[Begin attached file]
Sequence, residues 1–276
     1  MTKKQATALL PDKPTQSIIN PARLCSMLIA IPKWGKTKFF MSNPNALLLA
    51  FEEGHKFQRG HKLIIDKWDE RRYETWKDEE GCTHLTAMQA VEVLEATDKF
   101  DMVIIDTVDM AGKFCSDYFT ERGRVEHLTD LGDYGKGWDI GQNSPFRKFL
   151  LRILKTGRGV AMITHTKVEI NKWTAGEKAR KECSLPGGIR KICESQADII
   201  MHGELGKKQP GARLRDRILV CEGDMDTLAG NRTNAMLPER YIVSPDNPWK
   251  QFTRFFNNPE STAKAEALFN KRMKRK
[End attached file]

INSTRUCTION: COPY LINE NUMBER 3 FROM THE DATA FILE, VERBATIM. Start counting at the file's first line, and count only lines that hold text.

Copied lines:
    51  FEEGHKFQRG HKLIIDKWDE RRYETWKDEE GCTHLTAMQA VEVLEATDKF